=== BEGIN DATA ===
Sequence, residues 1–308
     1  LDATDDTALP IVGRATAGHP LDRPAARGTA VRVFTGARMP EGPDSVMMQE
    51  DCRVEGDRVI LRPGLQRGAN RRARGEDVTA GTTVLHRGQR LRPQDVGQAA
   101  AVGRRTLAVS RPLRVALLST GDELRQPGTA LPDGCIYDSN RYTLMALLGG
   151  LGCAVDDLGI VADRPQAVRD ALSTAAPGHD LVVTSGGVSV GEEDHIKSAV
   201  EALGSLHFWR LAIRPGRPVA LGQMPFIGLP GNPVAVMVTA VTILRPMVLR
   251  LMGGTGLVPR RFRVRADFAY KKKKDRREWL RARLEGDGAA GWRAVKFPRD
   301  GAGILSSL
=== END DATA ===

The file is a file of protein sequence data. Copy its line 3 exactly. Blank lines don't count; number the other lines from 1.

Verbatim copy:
    51  DCRVEGDRVI LRPGLQRGAN RRARGEDVTA GTTVLHRGQR LRPQDVGQAA